Is a wind turbine right for me?
A wind turbine is a serious investment and needs to be considered carefully before purchasing.
The first thing that has to be considered is, is there enough wind to make it work?
The strength and speed of the wind is vital. Most places in the UK have a wind speed of 5.5M/s. Wind turbines can work in wind speeds as low as 2 M/s. These are unusual though.
The C&F turbines are viable from speeds as low as 4.5M/s but most other turbines need much higher wind speeds.
Some turbines such as the Gaia and Endurance are only available as 3 phase and these turbines usually don’t start producing any power until they are almost at rated speed and so, just because they are turning does not mean they are earning.
The better turbines are capable of producing DC power at the generator, at lower wind speeds and then inverting the power through an inverter into 240 volts single phase or 415 volts 3 phase for use by the property or sold to the Grid.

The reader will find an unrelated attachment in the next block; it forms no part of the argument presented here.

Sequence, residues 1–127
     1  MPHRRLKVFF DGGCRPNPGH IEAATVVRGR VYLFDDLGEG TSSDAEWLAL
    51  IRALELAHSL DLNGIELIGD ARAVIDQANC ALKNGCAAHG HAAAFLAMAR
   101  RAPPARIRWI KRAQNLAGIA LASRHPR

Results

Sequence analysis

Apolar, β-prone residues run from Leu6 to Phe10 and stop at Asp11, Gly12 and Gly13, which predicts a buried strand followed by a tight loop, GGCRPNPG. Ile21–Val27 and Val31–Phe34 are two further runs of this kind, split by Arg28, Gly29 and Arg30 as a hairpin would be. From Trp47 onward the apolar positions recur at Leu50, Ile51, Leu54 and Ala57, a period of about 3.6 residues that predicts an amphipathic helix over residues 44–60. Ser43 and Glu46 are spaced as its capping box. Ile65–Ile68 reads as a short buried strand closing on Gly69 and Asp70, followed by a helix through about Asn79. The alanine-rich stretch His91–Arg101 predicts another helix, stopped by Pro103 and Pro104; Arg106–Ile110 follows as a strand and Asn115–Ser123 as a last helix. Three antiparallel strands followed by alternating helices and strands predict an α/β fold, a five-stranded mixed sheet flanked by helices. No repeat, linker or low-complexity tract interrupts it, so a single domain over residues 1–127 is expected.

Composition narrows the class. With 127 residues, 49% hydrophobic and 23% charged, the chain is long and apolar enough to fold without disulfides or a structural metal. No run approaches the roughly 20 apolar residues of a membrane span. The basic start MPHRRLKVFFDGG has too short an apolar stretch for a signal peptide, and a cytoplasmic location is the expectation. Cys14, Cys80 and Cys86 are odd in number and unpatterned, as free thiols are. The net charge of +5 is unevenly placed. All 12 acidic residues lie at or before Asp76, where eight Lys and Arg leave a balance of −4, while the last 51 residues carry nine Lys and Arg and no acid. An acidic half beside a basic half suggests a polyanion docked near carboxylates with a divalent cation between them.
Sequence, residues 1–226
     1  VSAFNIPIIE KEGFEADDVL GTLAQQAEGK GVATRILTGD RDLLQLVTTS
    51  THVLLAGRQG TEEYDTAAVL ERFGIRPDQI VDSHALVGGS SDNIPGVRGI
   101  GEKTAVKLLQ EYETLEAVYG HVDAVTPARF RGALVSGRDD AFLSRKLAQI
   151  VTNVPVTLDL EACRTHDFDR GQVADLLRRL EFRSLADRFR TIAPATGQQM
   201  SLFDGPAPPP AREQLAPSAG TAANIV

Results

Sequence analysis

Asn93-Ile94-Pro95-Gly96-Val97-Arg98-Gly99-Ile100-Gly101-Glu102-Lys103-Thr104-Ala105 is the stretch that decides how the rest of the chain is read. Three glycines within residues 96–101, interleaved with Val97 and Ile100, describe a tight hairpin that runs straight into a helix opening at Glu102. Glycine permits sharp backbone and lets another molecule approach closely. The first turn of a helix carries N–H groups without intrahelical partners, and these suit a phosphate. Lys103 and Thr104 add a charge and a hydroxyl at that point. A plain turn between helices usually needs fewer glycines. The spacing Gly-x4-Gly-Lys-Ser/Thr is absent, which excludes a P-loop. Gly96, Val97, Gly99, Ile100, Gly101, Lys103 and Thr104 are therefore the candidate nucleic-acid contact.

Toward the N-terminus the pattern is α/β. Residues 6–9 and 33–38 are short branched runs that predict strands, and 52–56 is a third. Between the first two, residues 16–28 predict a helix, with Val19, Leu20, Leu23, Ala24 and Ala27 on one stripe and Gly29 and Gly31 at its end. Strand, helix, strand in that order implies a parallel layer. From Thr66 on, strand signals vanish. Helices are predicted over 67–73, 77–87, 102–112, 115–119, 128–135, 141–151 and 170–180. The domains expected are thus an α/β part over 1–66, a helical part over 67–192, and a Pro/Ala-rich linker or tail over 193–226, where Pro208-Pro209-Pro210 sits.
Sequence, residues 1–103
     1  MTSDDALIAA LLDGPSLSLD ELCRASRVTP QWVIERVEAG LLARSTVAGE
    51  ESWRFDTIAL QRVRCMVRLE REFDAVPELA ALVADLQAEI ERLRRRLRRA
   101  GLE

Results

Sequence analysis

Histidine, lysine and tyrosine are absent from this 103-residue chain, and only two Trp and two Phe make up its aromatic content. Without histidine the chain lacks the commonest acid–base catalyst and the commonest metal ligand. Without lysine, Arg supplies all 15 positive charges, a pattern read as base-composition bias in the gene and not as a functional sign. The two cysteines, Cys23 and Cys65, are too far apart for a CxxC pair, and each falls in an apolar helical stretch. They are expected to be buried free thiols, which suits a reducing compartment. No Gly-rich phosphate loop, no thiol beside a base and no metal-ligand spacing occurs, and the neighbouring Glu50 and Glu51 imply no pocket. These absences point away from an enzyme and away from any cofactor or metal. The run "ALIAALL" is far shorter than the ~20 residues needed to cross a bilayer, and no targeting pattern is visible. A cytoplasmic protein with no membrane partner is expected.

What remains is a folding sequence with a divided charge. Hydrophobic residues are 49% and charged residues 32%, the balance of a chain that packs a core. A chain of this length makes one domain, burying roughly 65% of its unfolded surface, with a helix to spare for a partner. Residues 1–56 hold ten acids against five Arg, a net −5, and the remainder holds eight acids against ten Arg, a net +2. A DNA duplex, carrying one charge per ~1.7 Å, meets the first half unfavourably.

Some turbines can also do split phase if required.
The wind speed at your location can be found out by looking at the official government database that is available at energysavingtrust.org.uk/windspeedtool
If this is a good wind speed then you might want to erect an anemometer and get a measurement at the location. The problem with this though is that it only indicated the speed of the wind over the past few months and gives no indication of the possible future wind speeds.
A better indication is probably the past ten year’s data from the government database. If you have had a wind speed of 6M/s for the past ten years, then it is probably a good indication that you will have that sort of wind speed for the next ten years.
You also need to be able to position the turbine away from buildings and tall trees. A good installation company should be able to guide you about wind shadow. A basic rule of thumb though is that your turbine needs to be twice the height of the obstruction and ten times the distance of the obstruction away from it.